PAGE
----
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What Are the Different Types of Sports Funding?

By Keith Koons
Updated May 23, 2024
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There are many different types of sports funding available to youth and recreational teams. Sponsorships from local businesses are one of the most prominent methods of youth sports funding; many corporations seek this type of partnership for both tax purposes and public relations. Some rural areas may also have grants available for sports funding in order to build new practice fields or team buses. Many teams also have fundraisers to cover additional expenses like uniforms, rental fees, and playoff trips.

Most of the sports funding for non-professional teams comes from various forms of businesses in the way of donations. A corporate entity is often more than willing to donate the cost of uniforms and travel in exchange for free advertising at the sports complex. In fact, this type of donation often pays for itself by increasing exposure of the brand or product that the company sells, which is why so many large retailers favor sponsorships.

When seeking sports funding from local area businesses, many team managers and coaches send out sponsorship letters several months before the season actually begins. These solicitations may ask for direct contributions or a cross-promotion where the team will advertise the business's products. Some sponsorships may also be exclusive within certain industries as well. For example, a restaurant may agree to donate resources if a team promises not to promote a local competitor.

Another popular method of sports funding is holding fundraisers. Many youth and school sports funding organizations use car washes, bake sales, raffle tickets, and other types of direct sales to gain money for the team. Some organizations may also choose to charge admission for home games and set up a concession stand with snacks from local vendors in order to raise additional funding. These types of sports funding are normally organized by a parents' association in order to offset the direct costs of including their children on the team.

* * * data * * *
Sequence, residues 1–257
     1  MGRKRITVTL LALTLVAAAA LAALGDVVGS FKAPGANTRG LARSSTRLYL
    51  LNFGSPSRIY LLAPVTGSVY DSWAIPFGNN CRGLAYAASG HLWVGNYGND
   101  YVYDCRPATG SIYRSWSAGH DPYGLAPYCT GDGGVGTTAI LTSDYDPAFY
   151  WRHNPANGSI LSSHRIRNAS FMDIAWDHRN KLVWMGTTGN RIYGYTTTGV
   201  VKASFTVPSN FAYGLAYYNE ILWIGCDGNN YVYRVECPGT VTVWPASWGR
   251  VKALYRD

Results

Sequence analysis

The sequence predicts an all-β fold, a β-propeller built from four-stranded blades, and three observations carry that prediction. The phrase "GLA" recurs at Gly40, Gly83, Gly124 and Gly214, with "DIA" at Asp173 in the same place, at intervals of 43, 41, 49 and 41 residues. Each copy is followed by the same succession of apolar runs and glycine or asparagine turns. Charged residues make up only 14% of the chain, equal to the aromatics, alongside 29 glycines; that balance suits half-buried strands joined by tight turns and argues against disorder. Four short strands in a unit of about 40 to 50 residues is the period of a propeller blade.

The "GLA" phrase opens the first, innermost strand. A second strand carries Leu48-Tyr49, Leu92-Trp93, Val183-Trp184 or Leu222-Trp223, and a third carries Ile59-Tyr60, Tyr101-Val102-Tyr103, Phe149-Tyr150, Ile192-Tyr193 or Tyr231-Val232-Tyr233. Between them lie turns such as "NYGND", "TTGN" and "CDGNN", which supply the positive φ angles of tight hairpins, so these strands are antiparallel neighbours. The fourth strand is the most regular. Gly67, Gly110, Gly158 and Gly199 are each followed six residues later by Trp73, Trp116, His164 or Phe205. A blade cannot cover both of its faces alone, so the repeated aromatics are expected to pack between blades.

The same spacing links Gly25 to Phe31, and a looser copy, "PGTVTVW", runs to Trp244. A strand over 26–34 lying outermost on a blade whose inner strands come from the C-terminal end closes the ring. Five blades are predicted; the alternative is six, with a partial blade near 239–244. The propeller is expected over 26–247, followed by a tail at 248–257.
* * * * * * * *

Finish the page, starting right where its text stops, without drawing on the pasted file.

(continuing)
If all other forms of sports funding fail, teams can also impose a direct charge on each player to cover the costs of the season. Many leagues have an upfront charge in order for a team to register within it, and this money is used primarily for upkeep, sporting equipment, and administrative fees. Tournament play is another example of direct funding; these costs are usually paid directly out of pocket by the athlete in order to compete. Some leagues even offer payment plans in order to reduce the burden of upfront costs to the players.

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Discussion Comments

By cardsfan27 — On Mar 13, 2012

@TreeMan - I know what you mean. High school sports teams work just like sports teams do in colleges. The money goes toward whatever the public wants to see.

I agree that there should be some sports funding in schools. Especially in high school, it is one of the few things that can bring in money for the school. The unfortunate part is that most of that money goes right back into the sports fund instead of being put toward things that will actually benefit the majority of students who want to need to have successful careers.

Let's face it, the vast majority of high school students won't play professionally or even at the collegiate level, but everyone going through the system needs to be able to have the skills to get a good job. I'm not against sports, I just think the funds need to be distributed toward the things that will have the most impact on the students.

By TreeMan — On Mar 12, 2012